DETROIT - Ford Motor Co. marketers are getting in step with Ford production engineers.
They are streamlining their thinking on current and future products to reduce the number of possible variations of a car. That keeps prices lower, and makes cars easier to sell.
For example, in the 1998 model year, the Ford Expedition could be built in a staggering 410,000 combinations of colors, engines and options. In 1999, the number is 40,000. The goal is 15,000 combinations.
The Ford Explorer dropped from 465,000 build variations to 50,000 in the same time period.
Customers no longer order options from an extensive menu of equipment packages. Some previously optional equipment is now standard, and some options are tied in with others. Some vehicles are offered with no options.
Other vehicles are offered with only two or three option groups, carrying designations such as 'comfort,' 'convenience,' or 'sport.'
For example, the 1997 Ford Taurus could be ordered in G, GL and LX versions with five available option groups bearing designations such as 205A and 209A.
Today, the Taurus is available as an LX or SE model. The LX is offered with no option packages. The SE is available with a comfort option group or a sport group.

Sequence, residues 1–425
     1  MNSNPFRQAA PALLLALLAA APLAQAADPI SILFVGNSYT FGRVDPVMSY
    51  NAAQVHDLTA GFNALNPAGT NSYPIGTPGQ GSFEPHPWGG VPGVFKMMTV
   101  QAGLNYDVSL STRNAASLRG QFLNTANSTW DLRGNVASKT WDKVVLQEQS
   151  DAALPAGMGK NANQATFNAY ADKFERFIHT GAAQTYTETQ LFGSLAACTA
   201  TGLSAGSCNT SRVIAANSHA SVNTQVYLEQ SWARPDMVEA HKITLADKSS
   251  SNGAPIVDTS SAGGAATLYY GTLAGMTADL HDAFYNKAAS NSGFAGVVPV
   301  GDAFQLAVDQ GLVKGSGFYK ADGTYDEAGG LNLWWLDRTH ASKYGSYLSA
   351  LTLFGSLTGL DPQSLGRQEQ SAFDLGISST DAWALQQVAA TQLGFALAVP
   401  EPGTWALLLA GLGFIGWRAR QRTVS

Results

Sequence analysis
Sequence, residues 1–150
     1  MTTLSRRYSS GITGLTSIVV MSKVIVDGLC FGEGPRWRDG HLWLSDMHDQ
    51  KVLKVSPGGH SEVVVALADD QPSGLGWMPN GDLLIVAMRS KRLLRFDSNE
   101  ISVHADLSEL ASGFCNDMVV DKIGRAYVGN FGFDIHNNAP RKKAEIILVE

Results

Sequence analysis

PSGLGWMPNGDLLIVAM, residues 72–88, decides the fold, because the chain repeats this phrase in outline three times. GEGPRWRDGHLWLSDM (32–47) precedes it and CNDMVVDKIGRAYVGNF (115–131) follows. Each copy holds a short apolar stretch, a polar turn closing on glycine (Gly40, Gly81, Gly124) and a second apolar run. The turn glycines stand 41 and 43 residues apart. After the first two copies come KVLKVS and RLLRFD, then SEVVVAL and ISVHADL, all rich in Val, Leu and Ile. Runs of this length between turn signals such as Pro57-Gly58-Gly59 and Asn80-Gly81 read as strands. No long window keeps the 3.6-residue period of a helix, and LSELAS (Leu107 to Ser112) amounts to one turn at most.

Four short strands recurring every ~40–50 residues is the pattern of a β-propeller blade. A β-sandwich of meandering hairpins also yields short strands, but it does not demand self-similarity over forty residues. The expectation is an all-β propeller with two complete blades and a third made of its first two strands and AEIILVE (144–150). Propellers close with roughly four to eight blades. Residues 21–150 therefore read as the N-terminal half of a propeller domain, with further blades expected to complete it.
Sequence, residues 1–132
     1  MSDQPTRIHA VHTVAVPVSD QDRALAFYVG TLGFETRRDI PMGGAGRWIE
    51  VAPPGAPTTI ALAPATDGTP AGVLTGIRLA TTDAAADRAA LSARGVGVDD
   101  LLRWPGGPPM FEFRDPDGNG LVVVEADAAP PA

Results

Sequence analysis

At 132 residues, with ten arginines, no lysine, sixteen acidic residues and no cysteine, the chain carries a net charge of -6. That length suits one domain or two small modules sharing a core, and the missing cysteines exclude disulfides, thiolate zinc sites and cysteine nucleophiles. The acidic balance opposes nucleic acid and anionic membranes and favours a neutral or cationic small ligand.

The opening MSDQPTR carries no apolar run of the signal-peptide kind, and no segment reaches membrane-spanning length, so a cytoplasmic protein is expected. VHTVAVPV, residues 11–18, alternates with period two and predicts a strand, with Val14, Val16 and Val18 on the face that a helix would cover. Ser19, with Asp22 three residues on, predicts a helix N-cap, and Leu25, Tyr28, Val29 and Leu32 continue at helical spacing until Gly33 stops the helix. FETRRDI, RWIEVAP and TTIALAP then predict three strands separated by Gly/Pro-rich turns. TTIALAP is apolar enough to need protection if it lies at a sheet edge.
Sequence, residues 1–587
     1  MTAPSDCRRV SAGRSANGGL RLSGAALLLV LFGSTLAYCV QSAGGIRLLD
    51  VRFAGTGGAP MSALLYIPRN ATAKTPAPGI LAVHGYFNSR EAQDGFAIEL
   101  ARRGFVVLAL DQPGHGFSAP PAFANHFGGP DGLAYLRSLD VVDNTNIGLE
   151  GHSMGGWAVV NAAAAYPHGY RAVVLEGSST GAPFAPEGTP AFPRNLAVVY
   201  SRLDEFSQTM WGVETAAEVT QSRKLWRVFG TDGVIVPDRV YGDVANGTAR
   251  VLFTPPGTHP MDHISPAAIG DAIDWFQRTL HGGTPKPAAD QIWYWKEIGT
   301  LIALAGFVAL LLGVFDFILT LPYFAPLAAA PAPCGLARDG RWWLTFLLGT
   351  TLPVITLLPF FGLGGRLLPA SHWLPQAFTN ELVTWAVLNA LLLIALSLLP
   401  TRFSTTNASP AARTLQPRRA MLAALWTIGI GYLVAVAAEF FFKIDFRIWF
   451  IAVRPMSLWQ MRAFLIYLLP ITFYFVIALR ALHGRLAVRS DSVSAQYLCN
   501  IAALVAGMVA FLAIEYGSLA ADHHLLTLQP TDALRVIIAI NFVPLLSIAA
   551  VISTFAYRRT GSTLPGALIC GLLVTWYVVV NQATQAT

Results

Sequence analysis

Ideally, Ford wants to offer no more than six free-standing options on each of its vehicles, said Lloyd Hansen, controller of Ford's marketing and sales operations.
The result is win/win for Ford, its dealers and its customers, Hansen said.
At Ford, manufacturing is standardized and cheaper.
At the dealership, it is easier to explain a vehicle and its content.
For consumers, ordering is easier.
'It is a huge initiative and we are not done with it,' Hansen said.
Customers favor fewer choices. Ford talked to more than 7,200 prospective buyers in 200 focus groups throughout the USA during the last two years.
'One of the messages that came through was that we were offering too many series, too many option packages and too many stand-alone options,' Hansen said.
'If you have to prepare an assembly plant to produce all of these different combinations, you need a longer line and more equipment,' he said.
'If you figure out what it is the customer really wants, you simplify the process.'